[CoG 44] ... the religious mystic, the candidate for analysis, and the student of yoga all belong to the group of those who seek the interior solution, although each of the three has a different method of approach and a different working hypothesis.
The mystic [CoG 45] presupposes the existence of a deity, an immanent or interior God, and his entire energies are devoted to achieving conscious union with or experience of that divine being.
The person who undertakes analysis presupposes nothing in the nature of a dogma or belief, his sole hypothesis being that self-knowledge is worth attainment.  Hence the mystic is in the position of an explorer looking for something he knows to exist such as the North Pole, or the source of a river; while the analysand is, as it were, merely exploring an unknown country with no preconceived notions of its physical features. Both these methods of approach have their advantages and drawbacks. A definite preconceived goal makes for speed and enthusiasm, but also tends to self-deception. To set out on a voyage of discovery without any definite goal makes an unbiased explorer; but the weak point of analytical therapy at its present stage is precisely its lack of a clear objective. The journey is apt to come to an inconclusive end because the traveller gets tired and thinks he has gone far enough.
The method of yoga is again quite different, though approximating both to the analytical and to the mystical. In yoga as in the mystic experience there is a definite goal, which the [CoG 46] the yogi calls kaivalya or liberation. ... the teacher of yoga has a far better idea of what constitutes the attainment of kaivalya than has the average analyst of what constitutes an adequate analysis.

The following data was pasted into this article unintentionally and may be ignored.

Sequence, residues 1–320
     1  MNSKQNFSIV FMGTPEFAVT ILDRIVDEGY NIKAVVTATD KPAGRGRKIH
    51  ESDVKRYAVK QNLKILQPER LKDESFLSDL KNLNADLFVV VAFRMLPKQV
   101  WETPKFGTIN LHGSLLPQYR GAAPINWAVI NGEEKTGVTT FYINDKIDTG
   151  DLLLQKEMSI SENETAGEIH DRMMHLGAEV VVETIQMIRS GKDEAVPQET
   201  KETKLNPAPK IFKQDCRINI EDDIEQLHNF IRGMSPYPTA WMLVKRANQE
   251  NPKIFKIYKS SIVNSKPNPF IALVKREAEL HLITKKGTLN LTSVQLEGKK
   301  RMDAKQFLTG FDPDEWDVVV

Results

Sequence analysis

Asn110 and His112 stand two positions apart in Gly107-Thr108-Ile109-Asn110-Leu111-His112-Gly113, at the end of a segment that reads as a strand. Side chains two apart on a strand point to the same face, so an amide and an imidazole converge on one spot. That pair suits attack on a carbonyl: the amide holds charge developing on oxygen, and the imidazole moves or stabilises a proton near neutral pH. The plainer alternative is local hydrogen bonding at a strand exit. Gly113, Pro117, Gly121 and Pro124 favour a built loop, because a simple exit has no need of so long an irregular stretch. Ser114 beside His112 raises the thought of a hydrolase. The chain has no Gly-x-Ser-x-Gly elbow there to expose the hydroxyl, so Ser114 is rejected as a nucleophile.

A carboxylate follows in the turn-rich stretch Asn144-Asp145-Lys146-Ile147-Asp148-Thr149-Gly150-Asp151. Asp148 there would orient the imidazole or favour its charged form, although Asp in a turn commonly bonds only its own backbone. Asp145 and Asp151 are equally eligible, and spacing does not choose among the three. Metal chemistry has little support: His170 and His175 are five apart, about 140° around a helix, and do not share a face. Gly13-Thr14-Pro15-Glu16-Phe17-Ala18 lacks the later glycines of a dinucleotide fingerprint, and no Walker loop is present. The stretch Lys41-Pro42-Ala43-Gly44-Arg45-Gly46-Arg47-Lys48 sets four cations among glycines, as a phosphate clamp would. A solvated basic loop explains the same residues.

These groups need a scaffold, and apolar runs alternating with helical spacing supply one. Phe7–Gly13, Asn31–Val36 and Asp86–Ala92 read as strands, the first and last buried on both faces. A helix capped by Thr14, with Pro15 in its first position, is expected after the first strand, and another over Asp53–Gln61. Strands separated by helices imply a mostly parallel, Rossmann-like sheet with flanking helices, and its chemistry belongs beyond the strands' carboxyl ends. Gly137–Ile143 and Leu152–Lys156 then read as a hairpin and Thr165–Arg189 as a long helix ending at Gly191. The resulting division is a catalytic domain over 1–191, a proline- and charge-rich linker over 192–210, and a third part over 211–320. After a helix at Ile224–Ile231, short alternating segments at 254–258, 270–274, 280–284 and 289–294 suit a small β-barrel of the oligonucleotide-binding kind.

[CoG 47] [The] method [of yoga] is to train the whole nature to respond to conscious control and self-direction, and it claims that when self-awareness and the capacity for spiritual insight are achieved, perception of real values can be sustained, and this brings with it a sense of complete security.
[CoG 69] Analysis may ... be defined as a process the object of which is to bring into consciousness those unconscious elements in the id and super-ego which are in conflict with or untrue to reality.
[CoG 78] Certain habits are inimical to the state of consciousness which is being sought, just as certain habits are inconsistent with physical fitness. [The] non-moral attitude of yoga...
[CoG 78] ... the abstinence from flesh food and from all forms of alcoholic drink [and se+] is assumed as a sine qua non.
[CoG 106] I-30. The obstacles in the way of the man who sets out to attain yoga are ill health, boredom, doubt, carelessness, laziness, worldly-mindedness, incapacity to perceive what is required, the tendency to be let off into side issues after a certain measure of success has been attained, and inability to stay the course.